Theme answers:
  • 1D: Not having quite enough money (TROHS) — short cake!
  • 110D: Bed cover (TEESH) —sheet cake!
  • 12D: The "mode" of "a la mode" (MAERC ECI) — ice cream cake!
  • 87D: Cause for bringing out candles (YADHTRIB) — birthday cake!
  • 3D: Schokolade (ETALOCOHCNAMREG) — German chocolate cake!
  • 15D: Canine shelter (DNUOP) — pound cake!
  • 103D: Coat of paint (REYAL) — layer cake!
  • 5D: Manna, according to the Bible (DOOFLEGNA) — angel food cake!
  • 84D: Girl's holiday party dress  fabric (TEVLEVDER) — red velvet cake!
  • 40D: Wooded area near the Rhine Valley (TSEROFKCALB) — Black Forest cake!
  • 50D: Squishy dish cleaner (EGNOPS) — sponge cake!
  • 61D: Word before republic or seat (ANANAB) — banana cake!       




The puzzle's theme is great because of the title — nice use of a baking phrase that also ties to the number of theme answers — and because of the amazing symmetry of the theme answers. Also, it's just dang clever. Took me a looong time to cop the theme, mostly because I was sure that TROHS (1D: Not having quite enough money) was a representation of "[Coming up] SHORT." See, it's the word SHORT, and instead of going Down, like it's supposed to, it's coming up. I didn't get to the theme revealer until something like half the grid was already filled in. I could see answers were running upwards, but I had No idea why. After I hit the revealer, things got a lot easier. But not easy enough, apparently.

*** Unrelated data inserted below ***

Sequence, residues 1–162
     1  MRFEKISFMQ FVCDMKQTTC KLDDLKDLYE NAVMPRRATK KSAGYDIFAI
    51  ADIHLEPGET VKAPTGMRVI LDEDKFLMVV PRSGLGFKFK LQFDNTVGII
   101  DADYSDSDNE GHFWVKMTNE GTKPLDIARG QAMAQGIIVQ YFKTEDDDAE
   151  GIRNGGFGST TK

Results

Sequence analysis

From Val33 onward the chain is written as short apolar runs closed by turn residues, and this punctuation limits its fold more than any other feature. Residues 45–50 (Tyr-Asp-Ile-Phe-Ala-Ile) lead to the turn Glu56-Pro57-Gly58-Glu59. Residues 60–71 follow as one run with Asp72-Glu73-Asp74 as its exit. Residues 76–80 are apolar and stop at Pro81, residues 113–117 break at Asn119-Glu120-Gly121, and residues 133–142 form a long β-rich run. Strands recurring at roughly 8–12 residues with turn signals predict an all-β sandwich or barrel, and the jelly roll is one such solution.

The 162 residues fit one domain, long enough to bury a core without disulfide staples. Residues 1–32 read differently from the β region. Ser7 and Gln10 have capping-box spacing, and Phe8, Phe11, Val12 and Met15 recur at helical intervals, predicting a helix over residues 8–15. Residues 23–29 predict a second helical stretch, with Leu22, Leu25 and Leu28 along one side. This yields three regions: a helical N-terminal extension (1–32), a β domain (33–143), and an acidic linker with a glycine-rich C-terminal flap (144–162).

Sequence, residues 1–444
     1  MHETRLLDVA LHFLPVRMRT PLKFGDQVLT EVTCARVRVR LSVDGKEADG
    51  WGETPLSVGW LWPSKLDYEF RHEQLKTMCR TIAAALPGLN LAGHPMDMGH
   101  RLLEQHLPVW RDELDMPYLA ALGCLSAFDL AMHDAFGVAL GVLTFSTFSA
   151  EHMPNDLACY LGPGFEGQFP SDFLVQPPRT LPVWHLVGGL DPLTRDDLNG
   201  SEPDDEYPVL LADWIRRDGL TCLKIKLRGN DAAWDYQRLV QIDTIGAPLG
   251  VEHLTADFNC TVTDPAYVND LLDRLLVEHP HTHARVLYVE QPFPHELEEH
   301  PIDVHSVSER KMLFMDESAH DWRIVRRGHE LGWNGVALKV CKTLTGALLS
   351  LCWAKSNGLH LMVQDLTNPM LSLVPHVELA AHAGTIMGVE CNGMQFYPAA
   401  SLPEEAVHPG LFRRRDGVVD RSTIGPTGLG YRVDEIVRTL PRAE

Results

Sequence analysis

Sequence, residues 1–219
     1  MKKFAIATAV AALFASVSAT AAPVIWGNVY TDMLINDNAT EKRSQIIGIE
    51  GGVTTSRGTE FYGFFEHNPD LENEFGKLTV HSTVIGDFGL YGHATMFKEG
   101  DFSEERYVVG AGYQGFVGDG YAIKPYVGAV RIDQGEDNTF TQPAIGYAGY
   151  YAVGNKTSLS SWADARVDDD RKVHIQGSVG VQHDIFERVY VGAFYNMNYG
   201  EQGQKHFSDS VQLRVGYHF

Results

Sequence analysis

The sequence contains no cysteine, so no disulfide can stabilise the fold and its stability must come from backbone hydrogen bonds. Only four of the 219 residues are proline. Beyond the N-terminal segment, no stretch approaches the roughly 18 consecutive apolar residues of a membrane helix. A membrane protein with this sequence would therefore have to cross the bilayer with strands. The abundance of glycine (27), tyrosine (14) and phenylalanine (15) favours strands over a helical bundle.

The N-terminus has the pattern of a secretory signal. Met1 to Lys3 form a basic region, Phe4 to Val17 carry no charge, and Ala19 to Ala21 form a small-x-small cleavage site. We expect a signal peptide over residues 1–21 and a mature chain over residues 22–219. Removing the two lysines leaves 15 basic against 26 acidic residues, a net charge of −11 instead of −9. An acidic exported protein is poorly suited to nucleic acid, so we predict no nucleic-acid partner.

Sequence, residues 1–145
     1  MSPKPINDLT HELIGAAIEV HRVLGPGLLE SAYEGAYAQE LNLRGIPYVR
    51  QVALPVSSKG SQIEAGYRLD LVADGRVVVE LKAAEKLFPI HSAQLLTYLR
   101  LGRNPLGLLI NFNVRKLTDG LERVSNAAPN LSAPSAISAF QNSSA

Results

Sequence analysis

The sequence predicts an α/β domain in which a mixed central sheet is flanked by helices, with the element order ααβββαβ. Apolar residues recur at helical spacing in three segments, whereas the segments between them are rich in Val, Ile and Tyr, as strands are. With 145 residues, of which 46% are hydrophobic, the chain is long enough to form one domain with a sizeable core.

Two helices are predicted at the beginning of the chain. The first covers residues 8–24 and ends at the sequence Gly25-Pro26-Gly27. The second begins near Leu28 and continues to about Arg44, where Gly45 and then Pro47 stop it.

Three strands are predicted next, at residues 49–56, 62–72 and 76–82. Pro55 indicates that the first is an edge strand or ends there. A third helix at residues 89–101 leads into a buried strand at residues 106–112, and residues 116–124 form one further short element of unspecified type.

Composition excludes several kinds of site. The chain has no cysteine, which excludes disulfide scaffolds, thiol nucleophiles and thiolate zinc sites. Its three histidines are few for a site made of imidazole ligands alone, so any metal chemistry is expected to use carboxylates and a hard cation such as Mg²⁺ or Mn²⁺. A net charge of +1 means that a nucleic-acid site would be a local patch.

Bullets:

  • 19A: Invader of 1066 (NORMAN) — the NORMAN Invasion comes up every time I teach Brit Lit I and I *still* balked at this clue the first time around. "Some random invader!? How should I know!?" Smooth.
  • 37A: "Odyssey" temptress (CIRCE) — This one I knew. Sometimes I actually recall the things I teach. We call those "good days."
  • 81A: PJ-clad mansion owner (HEF) — I like this clue. Shortened "PJ" cuing shortened "HEF."
  • 87A: Musician who won a 2011 Presidential Medal of Freedom (YO-YO MA) — he has this new album with a few other guys called "The Goat Rodeo Sessions"; it's pretty great:




  • 97A: Peak leaf-peeping time in Pennsylvania (MID-OCTOBER) — I really like this answer. Inventive, and seasonal!
  • 42D: Area known to the Chinese as Dongbei (MANCHURIA) — this reminds me: just received the latest edition (18th) of Oxford UP's stunning "Atlas of the World"; we were looking at the topographical maps of western China today. Dramatic rise to the Himalayas signified visually by a vivid and abrupt florescence of purple.
  • 76D: "___ loves believes the impossible": Elizabeth Barrett Browning ("WHOSO") — Argh. I had HE WHO. If the clue had been ["___ list to hunt, I know where is an hind": Wyatt], I'd have nailed it.
Signed, Rex Parker, King of CrossWorld